The experts have been telling us for a long time that we are due for “the big one” – The earthquake that will rattle the Wasatch Front and cause significant damage. Purchasing earthquake is an individual decision, Anderson Insurance Group nor its agents are experts in advising whether or not your home is in a high damage zone or if you should carry earthquake insurance. We do however like to provide information so that you can make an educated and informed decision about earthquake insurance.
There are three major factors to take into consideration when purchasing earthquake insurance in Utah. The cost, the deductibles and the damage zone you live in, let’s take a look at these.
The Cost: Earthquake insurance in most cases will double the cost of your homeowners insurance. The average homeowner’s insurance premium in Utah is $1000.00 so the average cost with earthquake insurance will be about double that. There are however many homes in Utah where the cost is much higher and homes where it’s very cost prohibitive to buy earthquake insurance. If your home is solid brick (many Utah homes built before 1960) and even if you could find earthquake insurance the cost will be astronomical. Frame homes don’t have the same limitations but the older the frame home, the more difficult it is to get earthquake insurance.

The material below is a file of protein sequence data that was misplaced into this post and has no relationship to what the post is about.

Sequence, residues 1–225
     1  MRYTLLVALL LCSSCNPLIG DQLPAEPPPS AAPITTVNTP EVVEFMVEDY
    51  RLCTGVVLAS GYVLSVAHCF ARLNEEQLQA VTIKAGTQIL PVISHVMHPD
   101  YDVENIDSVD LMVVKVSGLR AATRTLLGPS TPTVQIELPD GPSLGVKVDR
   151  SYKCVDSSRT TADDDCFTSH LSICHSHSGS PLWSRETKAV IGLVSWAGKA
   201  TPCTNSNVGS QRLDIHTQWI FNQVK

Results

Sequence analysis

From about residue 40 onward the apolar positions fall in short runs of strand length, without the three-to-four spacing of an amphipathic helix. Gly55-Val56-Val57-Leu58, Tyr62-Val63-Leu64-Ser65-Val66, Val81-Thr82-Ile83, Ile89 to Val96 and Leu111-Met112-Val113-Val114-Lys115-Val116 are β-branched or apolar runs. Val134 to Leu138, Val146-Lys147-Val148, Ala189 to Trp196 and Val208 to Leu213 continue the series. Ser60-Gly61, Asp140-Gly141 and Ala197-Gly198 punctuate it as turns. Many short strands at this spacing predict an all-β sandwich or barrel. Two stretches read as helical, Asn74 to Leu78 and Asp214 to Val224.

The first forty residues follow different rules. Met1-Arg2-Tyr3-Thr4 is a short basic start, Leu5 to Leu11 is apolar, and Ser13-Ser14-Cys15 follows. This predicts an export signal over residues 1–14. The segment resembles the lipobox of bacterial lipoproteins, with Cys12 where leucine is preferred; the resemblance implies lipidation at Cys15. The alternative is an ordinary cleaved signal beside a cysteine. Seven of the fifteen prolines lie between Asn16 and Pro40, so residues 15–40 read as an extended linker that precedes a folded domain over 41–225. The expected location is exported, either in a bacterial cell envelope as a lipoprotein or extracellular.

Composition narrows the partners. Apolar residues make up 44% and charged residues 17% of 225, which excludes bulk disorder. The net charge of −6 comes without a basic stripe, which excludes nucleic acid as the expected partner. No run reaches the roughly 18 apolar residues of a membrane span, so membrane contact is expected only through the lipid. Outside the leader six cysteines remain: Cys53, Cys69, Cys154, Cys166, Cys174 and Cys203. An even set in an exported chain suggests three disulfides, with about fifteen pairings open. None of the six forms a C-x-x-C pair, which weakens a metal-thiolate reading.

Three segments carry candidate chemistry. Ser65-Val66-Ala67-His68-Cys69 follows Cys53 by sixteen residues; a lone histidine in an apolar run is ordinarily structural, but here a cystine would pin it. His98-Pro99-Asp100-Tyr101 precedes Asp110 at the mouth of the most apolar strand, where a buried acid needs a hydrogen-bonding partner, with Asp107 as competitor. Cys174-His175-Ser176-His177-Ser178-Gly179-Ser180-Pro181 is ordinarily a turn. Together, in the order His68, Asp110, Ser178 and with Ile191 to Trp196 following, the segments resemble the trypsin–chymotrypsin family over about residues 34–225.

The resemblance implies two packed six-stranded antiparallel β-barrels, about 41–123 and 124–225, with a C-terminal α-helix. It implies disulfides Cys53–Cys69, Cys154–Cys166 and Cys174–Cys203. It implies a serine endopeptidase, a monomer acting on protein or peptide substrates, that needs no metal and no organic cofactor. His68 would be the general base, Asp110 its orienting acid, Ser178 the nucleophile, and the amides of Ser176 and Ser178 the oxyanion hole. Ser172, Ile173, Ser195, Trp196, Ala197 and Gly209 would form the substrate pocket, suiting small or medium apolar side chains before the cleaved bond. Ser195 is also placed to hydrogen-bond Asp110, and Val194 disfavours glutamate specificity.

Deductibles: Earthquake insurance deductibles can range from 5% to 25% depending on the company. Many agents don’t disclose or understand these deductibles are applied three times to the 1) dwelling 2) contents and 3) additional living expense. Let’s look at a formula based on a 10% deductible: If Dwelling coverage is $750,000 and contents coverage is $375,000, additional living expense will be $150,000. In this example your dwelling deductible would be $75,000, contents $37,500, and $15,000 for additional living expense for a total out of pockets of $127,500. Even if your contents are not damaged earthquake out of pocket expense can easily exceed $100,000. The insurance company is not going to immediately authorize a stay at the Holiday Inn, its a lot more complicated than that.
Damage Zones: There are two primary causes of damage in the event of an earthquake, ground shaking and liquefaction.
Ground shaking is the shift in the fault that will cause the big jolt in an earthquake. The closer you are to the fault line, the greater the damage. Here are some links to the ground shaking maps in Utah:
Earthquake Scenario and Probabilistic Ground Shaking Maps for the Salt Lake City_Utah_Metropolitan Area
The Great Utah ShakeOut – Earthquake Scenarios Links to many Utah segments
Liquefaction occurs when loosely packed soil liquefies as a result of ground shaking. Most of the damage from liquefaction occurs miles from the fault line and in areas of Utah and the Salt Lake Valley where the Great Salt Lake used to reach. Liquefaction areas are often the lowest points of the valley, here are a few links:
The location of the fault lines can also help you make an informed earthquake insurance decision, here’s a link to the fault lines in Utah:
The Wasatch Fault from Above – Utah Geological Survey
Ground Shaking Map for Salt Lake County
Liquefaction Maps for Salt Lake County